This is not standardized behaviour, as no RFC document says how a client should behave if the user does not specify the protocol. But probably, in most default configurations, clients try to connect using a unsecure connection (e.g.
http://) first. They just guess you meant to type
http:// in front of your URL.
In that case, it's not the client that figures out that this site is available over a secure connection (e.g.
https://), it's the web server that redirects your client's request. So, when typing
google.com into your browsers' address bar, your browser first connects to
http://google.com, and the webserver at
google.com redirects your request to
https://google.com. That's why you still end up on the
https:// version of google.
You can even try this by manually typing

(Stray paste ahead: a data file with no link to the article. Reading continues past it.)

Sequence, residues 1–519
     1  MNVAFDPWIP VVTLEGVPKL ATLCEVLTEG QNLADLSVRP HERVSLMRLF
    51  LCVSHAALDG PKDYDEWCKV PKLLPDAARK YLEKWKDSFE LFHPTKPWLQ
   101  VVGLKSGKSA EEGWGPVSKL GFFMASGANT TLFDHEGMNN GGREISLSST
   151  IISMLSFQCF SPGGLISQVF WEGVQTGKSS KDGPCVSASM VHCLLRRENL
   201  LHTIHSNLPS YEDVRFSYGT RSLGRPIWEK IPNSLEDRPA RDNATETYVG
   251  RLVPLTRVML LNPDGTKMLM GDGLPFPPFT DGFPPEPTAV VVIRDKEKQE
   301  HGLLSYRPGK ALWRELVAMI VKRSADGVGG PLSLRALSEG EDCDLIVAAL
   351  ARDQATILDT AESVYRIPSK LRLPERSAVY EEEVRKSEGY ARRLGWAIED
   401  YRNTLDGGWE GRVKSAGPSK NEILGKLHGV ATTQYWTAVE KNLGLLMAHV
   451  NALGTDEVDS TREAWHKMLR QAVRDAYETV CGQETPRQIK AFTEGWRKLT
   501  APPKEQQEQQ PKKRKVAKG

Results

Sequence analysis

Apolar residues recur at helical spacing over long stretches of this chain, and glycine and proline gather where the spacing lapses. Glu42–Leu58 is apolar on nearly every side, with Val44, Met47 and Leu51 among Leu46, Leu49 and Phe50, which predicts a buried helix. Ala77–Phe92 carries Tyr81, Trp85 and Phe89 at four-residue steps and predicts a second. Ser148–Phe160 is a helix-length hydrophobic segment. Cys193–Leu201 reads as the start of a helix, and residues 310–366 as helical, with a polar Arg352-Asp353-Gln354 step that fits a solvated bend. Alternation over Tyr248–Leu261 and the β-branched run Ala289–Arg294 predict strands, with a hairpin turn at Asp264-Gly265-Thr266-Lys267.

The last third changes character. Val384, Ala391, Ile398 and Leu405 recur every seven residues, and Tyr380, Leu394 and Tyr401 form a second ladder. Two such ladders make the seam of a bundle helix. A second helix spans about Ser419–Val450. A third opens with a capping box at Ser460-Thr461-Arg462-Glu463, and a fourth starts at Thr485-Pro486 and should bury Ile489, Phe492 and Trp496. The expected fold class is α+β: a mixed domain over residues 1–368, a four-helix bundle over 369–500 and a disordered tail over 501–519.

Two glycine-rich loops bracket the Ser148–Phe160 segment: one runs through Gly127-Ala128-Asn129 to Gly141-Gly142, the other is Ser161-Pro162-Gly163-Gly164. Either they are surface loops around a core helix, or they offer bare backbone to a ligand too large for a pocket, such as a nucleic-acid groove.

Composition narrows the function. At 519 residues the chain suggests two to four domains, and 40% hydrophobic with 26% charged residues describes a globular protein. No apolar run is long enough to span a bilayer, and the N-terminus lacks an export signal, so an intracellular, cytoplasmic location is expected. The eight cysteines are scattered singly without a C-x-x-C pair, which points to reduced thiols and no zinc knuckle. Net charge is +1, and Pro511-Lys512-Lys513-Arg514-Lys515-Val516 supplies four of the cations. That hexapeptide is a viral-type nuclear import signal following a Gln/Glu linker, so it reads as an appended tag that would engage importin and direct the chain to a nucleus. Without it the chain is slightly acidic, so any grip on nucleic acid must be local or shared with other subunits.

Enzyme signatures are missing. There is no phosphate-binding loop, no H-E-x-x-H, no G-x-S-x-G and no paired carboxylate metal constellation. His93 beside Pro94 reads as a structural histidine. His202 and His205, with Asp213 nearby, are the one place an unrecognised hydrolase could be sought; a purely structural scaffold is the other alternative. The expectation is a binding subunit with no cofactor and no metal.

http://google.com in your address bar. Google still redirects you over to
https://google.com. But this is not the default behaviour of most webserver software out there, Google had to manually specify a "HTTPS redirect" in their webservers' configuration.
Still, it's possible, that some clients try a
https://-connection first, and only connect over
http:// if that fails. That's a more secure behaviour, and although it's probably not the default in most cases, there is e.g. HSTS that allows sites to flag themselves as
https://, and some Sites may even be pre-flagged in the browser. (As @kicken pointed out, thanks!) Then there are browser plugins (e.g. "HTTPS Everywhere" for Firefox) that implement this procedure. Those plugins come with lists of sites that offer
https://-secured connections, and when a user enters the URL of such a site with
http:// or with no protocol at the front, the user gets redirected to the
https:// version by the browser, not by the webserver, even if the website administrator didn't set up a HTTPS redirection for his site.